The widespread problem of counterfeit traveller's cheques has caused a number of businesses to no longer accept them or to impose stringent safeguards when they are used. It is a reasonable security procedure for the payee to ask to inspect the purchaser's picture ID; a driver's license or passport should suffice, and doing so would most usefully be towards the end of comparing the purchaser's signature on the ID with those on the cheque. The best first step, however, that can be taken by any payee who has concerns about the validity of any traveller's cheque, is to contact the issuer directly; a negative finding by a third-party cheque verification service based on an ID cheque may merely indicate that the service has no record about the purchaser (to be expected, practically by definition, of many travellers), or at worst that they have been deemed incompetent to manage a personal chequing account (which would have no bearing on the validity of a traveller's cheque).
Some purchasers have found the process of filing a claim for lost or stolen cheques is cumbersome, and have been left without recourse after their cheques were lost or stolen.
The widespread acceptance of credit cards and debit cards around the world starting in the 1980s and 1990s significantly replaced the use of traveller's cheques for paying for things on vacation.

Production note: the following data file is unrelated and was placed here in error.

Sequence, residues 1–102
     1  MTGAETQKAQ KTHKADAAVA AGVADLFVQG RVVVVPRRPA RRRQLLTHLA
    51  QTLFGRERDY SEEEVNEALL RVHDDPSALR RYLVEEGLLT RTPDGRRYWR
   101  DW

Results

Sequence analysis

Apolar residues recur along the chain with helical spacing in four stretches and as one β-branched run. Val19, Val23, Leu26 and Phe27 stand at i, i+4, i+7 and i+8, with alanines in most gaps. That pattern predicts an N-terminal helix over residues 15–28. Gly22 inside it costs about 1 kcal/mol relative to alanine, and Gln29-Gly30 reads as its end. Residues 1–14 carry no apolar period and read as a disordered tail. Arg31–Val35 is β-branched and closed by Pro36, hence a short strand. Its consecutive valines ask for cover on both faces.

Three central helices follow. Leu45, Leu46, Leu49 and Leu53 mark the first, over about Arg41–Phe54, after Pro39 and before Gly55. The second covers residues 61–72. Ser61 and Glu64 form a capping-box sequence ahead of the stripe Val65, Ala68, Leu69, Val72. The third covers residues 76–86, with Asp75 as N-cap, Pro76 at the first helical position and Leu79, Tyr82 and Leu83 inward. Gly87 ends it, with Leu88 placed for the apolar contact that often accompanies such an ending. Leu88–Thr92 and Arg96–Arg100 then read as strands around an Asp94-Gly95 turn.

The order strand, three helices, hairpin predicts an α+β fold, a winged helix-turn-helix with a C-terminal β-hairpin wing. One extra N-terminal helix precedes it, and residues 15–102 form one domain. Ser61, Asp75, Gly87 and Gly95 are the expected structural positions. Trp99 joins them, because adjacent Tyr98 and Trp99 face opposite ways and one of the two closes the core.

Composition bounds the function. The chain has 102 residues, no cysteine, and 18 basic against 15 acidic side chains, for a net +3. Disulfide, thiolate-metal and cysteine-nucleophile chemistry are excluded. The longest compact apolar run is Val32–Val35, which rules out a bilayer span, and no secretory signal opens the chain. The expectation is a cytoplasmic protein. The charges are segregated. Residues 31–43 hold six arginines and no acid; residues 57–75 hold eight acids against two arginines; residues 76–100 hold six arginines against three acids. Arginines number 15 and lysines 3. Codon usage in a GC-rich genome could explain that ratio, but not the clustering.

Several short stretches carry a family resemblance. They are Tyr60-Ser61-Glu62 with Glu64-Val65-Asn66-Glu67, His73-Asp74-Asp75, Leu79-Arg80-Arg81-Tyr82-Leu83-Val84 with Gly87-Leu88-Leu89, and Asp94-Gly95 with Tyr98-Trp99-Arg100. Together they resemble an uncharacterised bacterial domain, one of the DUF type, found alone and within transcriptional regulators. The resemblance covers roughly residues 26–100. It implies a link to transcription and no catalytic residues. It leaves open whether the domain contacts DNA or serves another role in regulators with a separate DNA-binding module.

In 2005, American Express released the American Express Travelers Cheque Card, a stored-value card that serves the same purposes as a traveller's cheque, but can be used in stores like a credit card. It discontinued the card in October 2007. A number of other financial companies went on to issue stored-value or pre-paid debit cards containing several currencies that could be used like credit or debit cards at shops and at ATMs, mimicking the traveller's cheque in electronic form. One of the major examples is the Visa TravelMoney card.
- ^ Alternatively spelt as traveler's check, particularly in American English. See also American and British English spelling differences.